You can use Braintree as a payment gateway by itself if you have a merchant account with another provider. However, this rarely tends to work out cost-effectively so it makes more sense to use Braintree as a merchant account provider and payment gateway together.

One advantage Braintree has over other gateways is that it works seamlessly to accept payments via PayPal and Venmo, as well as all other common payment types (cards, mobile wallets and ACH etc.)

API functionality is good although not quite as fluid as with the total flexibility offered by Stax. Furthermore, their API support, although extensive, isn’t laid out as well as it could be. Often it can be unwieldy to navigate the documentation and access what you need to.

As indicated above, their pricing isn’t quite as competitive as the other providers we’ve looked at. Braintree will charge 2.59% + $0.49 per credit, debit and charge card transaction whilst ACH payments attract a fee of 0.75% up to a maximum of $5.


  • Seamless PayPal and Venmo integration
  • Strong account stability


  • More costly than the competition
  • Support for developers is difficult to work with
  • Setup can be complex and requires plenty of patience

4. Intuit QuickBooks Payments API

If you use QuickBooks for your business accounting, you will have no doubt already been made aware of QuickBooks Payment API. Its chief advantage is the seamless integration with QuickBooks. This means if you’re already embedded within the Intuit ecosystem, you can be confident this will play well with your existing sales setup.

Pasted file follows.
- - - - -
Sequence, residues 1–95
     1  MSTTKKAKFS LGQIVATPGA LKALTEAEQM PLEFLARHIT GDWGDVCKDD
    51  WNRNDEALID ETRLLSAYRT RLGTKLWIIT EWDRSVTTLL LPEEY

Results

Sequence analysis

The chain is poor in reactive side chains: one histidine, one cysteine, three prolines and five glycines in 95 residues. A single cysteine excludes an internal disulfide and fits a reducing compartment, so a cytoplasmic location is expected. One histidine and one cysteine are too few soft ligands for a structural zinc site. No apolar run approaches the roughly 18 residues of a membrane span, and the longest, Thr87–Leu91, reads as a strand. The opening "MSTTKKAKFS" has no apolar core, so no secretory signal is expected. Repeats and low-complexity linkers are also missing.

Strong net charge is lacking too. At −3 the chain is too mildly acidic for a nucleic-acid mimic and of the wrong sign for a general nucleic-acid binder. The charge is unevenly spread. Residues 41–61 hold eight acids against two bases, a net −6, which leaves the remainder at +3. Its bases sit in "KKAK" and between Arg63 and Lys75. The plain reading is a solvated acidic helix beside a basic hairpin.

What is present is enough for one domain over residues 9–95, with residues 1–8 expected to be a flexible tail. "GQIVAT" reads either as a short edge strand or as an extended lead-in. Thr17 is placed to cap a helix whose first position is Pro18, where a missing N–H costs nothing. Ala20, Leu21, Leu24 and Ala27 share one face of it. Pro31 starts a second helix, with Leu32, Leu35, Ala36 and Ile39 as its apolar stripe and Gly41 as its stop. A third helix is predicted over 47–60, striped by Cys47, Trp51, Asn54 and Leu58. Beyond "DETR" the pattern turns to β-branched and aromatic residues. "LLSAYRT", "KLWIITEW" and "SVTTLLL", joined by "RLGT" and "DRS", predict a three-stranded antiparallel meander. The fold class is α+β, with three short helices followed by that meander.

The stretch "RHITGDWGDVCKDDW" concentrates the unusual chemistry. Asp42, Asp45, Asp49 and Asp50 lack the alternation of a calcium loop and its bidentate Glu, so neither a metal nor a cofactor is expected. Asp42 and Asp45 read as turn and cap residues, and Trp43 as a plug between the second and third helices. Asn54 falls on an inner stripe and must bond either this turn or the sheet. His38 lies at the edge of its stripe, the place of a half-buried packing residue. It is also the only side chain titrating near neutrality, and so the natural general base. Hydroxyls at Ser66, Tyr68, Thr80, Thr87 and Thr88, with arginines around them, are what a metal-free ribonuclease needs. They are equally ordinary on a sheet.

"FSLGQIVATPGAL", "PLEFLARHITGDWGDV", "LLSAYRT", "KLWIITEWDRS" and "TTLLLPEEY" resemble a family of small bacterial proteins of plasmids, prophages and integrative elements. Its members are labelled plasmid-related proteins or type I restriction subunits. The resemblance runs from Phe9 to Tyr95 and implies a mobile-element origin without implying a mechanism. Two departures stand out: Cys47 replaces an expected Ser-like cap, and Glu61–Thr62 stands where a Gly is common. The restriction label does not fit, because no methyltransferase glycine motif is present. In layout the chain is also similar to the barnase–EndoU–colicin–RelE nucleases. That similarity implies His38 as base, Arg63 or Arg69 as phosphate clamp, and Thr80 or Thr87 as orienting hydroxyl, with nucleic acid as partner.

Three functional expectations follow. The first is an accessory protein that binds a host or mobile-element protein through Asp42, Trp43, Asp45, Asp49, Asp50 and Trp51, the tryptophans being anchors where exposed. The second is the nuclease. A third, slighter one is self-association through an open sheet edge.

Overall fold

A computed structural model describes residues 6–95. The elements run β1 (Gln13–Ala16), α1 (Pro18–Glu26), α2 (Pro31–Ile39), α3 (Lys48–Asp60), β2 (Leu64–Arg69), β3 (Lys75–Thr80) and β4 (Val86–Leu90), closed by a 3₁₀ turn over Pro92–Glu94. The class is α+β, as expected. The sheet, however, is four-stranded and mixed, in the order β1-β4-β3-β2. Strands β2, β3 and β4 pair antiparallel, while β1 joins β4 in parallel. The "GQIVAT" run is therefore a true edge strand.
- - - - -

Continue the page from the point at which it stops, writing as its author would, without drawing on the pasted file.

With QuickBooks Payments API you’re not actually using QuickBooks as the payment processor. Instead, they rely on Fiserv to operate their gateway. In practice, this isn’t particularly noticeable, but it’s important to make the distinction nonetheless.

Developers should find the API documentation is relatively in-depth and as its API uses the REST Framework there’s a good level of flexibility. That said, there’s little reason to pick this provider over more supportive rivals if you’re not already an Intuit QuickBooks customer, particularly given the pricing.

QuickBooks Payments API ends up as one of the more pricey payment processing options with merchants having to pay between 2.4% + $0.25 up to 3.4% + $0.25 per transaction for payments via card or mobile wallet. ACH transactions will cost 1% up to a maximum of $10 each time.


  • Good API documentation
  • Seamless integration with QuickBooks


  • More costly than the competition
  • Not ideal if you’re not using Intuit products

Final Words

When it comes to payment APIs, there’s no shortage of options for developers. The key to finding the best one is to evaluate your business requirements and current tech stack.

If you need help figuring out the right payment API for you, get in touch with Stax team to discuss your needs.

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FAQs about Credit Card APIs

Q: What is a Credit Card API and how does it function?

A Credit Card API (Application Programming Interface) enables you to establish a secure payment processing facility within your app or website. Also, this API is deployed to execute the secure acceptance of all payment modes opted by your site/app. It facilitates the communication between your app/site and the payment processing provider’s online payment gateway.

Q: What are the benefits of using a Credit Card API?

A Credit Card API can lessen the developer’s workload and enhance the customers’ checkout experience. It allows acceptance of payments (both credit debit cards and direct bank transfers), regular recurring payments, and assists in setting up and updating customer billing info. Additionally, it facilitates automation of common eCommerce workflows, transaction alerts, monitors payment analytics, and aids in handling chargebacks and related claims.